Posted on: July 20, 2017 at 10:29 am
Last updated: September 21, 2017 at 3:41 pm

When we were younger, we all heard the saying ‘An apple a day keeps the doctor away’, but as time passes, we sometimes find ourselves trading in that apple for a nice glass of red wine at the end of a long day. While some may just take it at face value, others seem to have taken it more to heart. Florence Bearse, a Bangor, Maine resident just had her 100th birthday on July 6th, 2017. How did she do it? She claims 2 major things have led her to reach such years: Not taking any ‘bologna’ and plenty of red wine.


“I like my wine. Don’t take it away from me,” she says.

Wine, What Is It Good For?

red wine


While we have no doubt that over her years, Florence has accumulated quite the amount of wisdom, but is she right when it comes to her enthusiasm for wine? Scientists would agree with her; they have been touting the health benefits of drinking wine for years and multiple studies have looked into those claims.

Drinking wine has been linked to reducing the risk of heart attack, type 2 diabetes, stroke, colon cancer, and more [2]. Both red and white wine have been noted to have health benefits, so no need to worry about which wine is best.

True to her word, Florence enjoys a good glass of red. This video taken at her birthday actually shows her chugging her whole glass! While we do believe that moderation is key, there’s no harm in having a little fun here and there. It sure seems to have done Florence well!

Health Benefits of Red Wine

So how is it that alcohol can actually be good for you? It isn’t the alcohol in red wine that is good for you, but the resveratrol in it is. What is resveratrol? It’s a phytonutrient that is found in grapes, cranberries, blueberries, peanuts, and a whole bunch of other foods. Resveratrol functions in the body as an antioxidant nutrient, and it also functions like a phytoestrogen [3]


Blood Pressure

Because resveratrol functions like an antioxidant, it could be helpful in fighting off high blood pressure. A review done in 2015 found that high enough doses of resveratrol could help lessen the pressure put on artery walls when the heart beats. As bodies age, arteries stiffen creating the potential for heart attack. Resveratrol triggers the production of nitric oxide, which causes blood vessels to relax [4].

Blood Fats

A 2016 study fed mice a high-protein, high-polyunsaturated fat diet and also gave them resveratrol supplements. Researchers found that the average total cholesterol levels and body weight of the mice decreased, and their levels of “good” HDL cholesterol increased. Resveratrol worked to influence cholesterol levels by diminishing the effect of an enzyme that controls cholesterol production. As an antioxidant, resveratrol may also decrease the oxidation of “bad” LDL cholesterol, which can contribute to plaque buildup in artery walls [4].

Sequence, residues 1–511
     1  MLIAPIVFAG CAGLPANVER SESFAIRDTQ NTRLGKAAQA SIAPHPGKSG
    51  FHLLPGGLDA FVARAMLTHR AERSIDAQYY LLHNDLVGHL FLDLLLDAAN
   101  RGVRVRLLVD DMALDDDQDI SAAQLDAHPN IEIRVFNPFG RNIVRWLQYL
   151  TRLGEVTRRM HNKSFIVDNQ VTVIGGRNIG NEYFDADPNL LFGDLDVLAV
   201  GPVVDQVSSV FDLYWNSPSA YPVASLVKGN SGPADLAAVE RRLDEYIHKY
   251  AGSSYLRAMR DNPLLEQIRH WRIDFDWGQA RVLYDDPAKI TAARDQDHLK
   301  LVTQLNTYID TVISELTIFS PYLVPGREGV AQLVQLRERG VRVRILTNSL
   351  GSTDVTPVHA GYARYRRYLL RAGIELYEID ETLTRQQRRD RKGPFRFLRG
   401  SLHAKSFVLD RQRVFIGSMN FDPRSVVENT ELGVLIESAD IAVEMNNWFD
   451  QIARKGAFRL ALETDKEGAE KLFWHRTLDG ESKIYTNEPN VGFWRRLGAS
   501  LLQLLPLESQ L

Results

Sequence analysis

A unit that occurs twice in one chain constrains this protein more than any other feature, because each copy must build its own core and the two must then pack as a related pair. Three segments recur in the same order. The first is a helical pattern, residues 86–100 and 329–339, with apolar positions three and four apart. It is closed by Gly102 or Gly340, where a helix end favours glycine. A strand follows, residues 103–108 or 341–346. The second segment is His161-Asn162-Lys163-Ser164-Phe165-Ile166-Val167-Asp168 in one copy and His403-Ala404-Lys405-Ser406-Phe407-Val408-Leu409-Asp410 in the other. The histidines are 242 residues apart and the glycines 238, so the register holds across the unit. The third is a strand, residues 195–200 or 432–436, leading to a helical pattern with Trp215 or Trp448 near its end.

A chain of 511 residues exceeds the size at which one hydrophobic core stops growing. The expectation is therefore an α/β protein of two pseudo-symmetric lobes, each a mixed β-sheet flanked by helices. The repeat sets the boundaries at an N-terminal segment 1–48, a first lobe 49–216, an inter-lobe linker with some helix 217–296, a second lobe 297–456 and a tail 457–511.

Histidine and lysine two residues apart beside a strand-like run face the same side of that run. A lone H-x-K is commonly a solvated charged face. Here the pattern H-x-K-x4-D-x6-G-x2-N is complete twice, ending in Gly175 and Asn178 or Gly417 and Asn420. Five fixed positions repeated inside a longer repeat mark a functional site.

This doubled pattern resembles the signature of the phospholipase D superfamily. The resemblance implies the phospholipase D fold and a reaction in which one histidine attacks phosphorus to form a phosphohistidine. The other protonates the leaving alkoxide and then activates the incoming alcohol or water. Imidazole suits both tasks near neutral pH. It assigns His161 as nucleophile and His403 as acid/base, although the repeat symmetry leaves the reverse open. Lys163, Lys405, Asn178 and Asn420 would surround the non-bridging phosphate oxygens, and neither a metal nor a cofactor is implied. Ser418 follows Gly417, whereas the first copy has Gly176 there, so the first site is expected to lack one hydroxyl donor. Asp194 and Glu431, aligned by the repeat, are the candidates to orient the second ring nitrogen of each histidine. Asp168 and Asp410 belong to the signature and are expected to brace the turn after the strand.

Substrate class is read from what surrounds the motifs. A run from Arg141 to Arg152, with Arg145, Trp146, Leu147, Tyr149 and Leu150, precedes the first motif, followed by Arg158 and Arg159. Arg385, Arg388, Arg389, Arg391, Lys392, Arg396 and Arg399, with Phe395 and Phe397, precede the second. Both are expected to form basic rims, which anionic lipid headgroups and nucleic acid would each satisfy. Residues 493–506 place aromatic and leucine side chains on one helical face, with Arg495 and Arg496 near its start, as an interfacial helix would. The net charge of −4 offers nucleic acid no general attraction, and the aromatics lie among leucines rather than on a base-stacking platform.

Protects The Brain

Studies have suggested that drinking red wine can help slow down cognitive decline caused by aging. This the reason being the antioxidant and anti-inflammatory activity of resveratrol. It was shown to interfere with protein fragments called beta-amyloids, which are what form the plaque that is a hallmark of Alzheimer’s disease.

Diabetes Protection

Animal studies have shown resveratrol to have several benefits for diabetes. These benefits include increasing insulin sensitivity and preventing complications from diabetes. One reason resveratrol works is that it may stop a certain enzyme from turning glucose into sorbitol, which is a sugar alcohol.When too much sorbitol builds up in people with diabetes, it can create cell-damaging oxidative stress.

Joint Pain Relief

Arthritis is one of the most common chronic disease in America and it can lead to joint pain and loss of mobility. One study done on rabbits that had arthritis showed that, when used as a supplement, resveratrol can reduce the damage done to the cartilage in joints.

Suppresses Cancer Cells

In animal and test-tube studies, resveratrol has been shown to fight several kinds of cancer cells, including gastric, colon, skin, breast and prostate [4]. It was shown to inhibit cancer cells from replicating and spreading in the body. It can also change the gene expression in cancer cells to stop them from growing. It was also shown to interfere with the way certain hormones are expressed, which could keep some hormone-dependent cancers from spreading.

With all that, it’s a wonder that more people don’t indulge in a glass more often. While this may sound great to many, it’s not the only way to receive the health benefits of resveratrol. Whole foods like blueberries and grapes, and supplements are the best way, and studies show that non-alcoholic wines have the same amount of resveratrol as regular wine [3].

Cheers Florence, to your health and to ours.

For more related articles, check out this article about red wine, or this one about fun red wine pops!

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